If surgery has been recommended to you, I think a second (or even a third) opinion is an excellent idea. Very few things in medicine are black or white, and there is a lot of room for differences of opinion. In the present managed care medical environment, many doctors will not take the time to discuss your situation with you. And many have not taken the time to be trained in the new minimally invasive treatments available. For most doctors, if they do not know how to perform a procedure, they will not discuss or recommend it to you.
When a new patient comes to see me for a second opinion, we ask them to bring all the notes from previous doctor's appointments and any test results that are relevant to the problem. If an ultrasound or MRI has already been performed, I like to look at the films myself so that I can come to my own conclusions about the diagnosis.
After a complete examination, we go back to my office to discuss the issues and answer any questions you might have. I often use illustrations to demonstrate what those findings are. At this point I make a list of one or more possible diagnoses and outline the treatments available for each problem. To be complete with this list, I usually include even those treatments I would advise against or those the patient has eliminated. Together we then go through the list and come up with a short number of options that are both medically sound and personally acceptable to the patient.
Family members or friends are welcome to join you and this is sometimes helpful to make sure all your concerns are addressed and to help you remember what is said. I usually suggest that you not decide on any specific course at the time of the first visit. I think these decisions are usually best made in the comfort of home, when there is time to think. Women are welcome to call me with any additional questions they might have.
If you decide that surgery is right for your situation, you will need to choose the doctor to perform your surgery. There are a number of factors that should influence your decision. The first is to choose a doctor who will perform a procedure that fits your particular situation and problem. In most cases, you should have more than one option from which to choose.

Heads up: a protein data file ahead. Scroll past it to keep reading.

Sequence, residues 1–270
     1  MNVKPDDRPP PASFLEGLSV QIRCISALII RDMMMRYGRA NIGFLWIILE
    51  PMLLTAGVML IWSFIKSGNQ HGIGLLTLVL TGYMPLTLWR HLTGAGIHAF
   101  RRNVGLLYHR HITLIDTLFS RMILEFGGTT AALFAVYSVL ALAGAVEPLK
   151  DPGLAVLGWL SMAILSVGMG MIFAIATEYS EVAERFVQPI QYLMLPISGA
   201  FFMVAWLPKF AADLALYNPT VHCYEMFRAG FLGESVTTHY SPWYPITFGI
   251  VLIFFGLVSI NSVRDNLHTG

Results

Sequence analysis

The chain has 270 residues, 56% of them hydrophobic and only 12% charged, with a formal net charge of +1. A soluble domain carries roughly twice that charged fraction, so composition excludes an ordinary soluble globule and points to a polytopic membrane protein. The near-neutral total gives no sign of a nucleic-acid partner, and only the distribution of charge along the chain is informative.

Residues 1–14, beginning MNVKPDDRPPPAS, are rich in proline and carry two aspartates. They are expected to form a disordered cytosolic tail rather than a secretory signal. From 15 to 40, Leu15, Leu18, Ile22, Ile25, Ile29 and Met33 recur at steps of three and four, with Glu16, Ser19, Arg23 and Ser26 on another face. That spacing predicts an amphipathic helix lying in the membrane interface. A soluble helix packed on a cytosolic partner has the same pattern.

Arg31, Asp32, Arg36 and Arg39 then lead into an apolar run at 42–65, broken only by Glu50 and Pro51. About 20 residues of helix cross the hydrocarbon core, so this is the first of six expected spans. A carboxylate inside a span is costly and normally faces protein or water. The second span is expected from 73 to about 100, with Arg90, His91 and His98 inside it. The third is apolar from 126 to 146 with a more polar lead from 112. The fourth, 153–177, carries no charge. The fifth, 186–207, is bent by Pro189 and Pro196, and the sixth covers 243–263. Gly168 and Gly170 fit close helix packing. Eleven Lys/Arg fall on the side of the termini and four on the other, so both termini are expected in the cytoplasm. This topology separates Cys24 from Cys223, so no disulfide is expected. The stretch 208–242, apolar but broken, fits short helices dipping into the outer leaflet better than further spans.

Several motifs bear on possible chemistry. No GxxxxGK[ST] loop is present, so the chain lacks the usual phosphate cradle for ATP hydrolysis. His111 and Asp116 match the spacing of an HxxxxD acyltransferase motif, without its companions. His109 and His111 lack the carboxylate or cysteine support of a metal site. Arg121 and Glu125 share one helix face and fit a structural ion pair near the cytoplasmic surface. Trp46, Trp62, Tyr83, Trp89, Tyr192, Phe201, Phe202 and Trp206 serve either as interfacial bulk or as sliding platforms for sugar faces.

The next concern is the skill of the surgeon. How many procedures does the doctor perform a month? How many procedures like the one you are requesting? How many of these procedures have they performed in women with problems like your? How many complications has the doctor had and what kind of complications were they? Studies show that experience makes a surgeon better. Surgeons who perform procedures frequently have lower rates of complications. But surveys show that many gynecologists perform less than one or two major operation a month. Choose your surgeon carefully.
It is also important to feel comfortable with your doctor. Do you get an opportunity to ask questions and are they answered? Is the doctor available by phone?
If you decide to have surgery, another visit should be set up with the doctor you have chosen to go over the specific details of the procedure you are to have performed. Again, it is nice to have someone accompany you. Once a decision has been made, we go over a paper called the "Informed Consent". Filling out this form, if properly done, encourages a frank discussion of what you should expect from surgery. It allows the doctor and patient to go over the details of the operation to be performed, the specific risks of the procedure, the alternatives to the surgery, and the possible consequences if the surgery is not performed. Basically, this is the time when you will hear all the risks and possible complications during and after your surgery. This is difficult and may feel as if it's the last thing you want to hear, but ultimately it will be quite helpful to you.
We are certainly not trying to erode your confidence at this point, but we are legally and morally bound to tell you about all the things that could happen. Most people's emotional reaction to this form is some fear, which is understandable. Just remember to be sure and hear the optimism in the fact that there are options available to help you.
Disclaimer: The ideas, procedures and suggestions contained on this web site are not intended as a substitute for consulting with your physician. All matters regarding your health require medical supervision.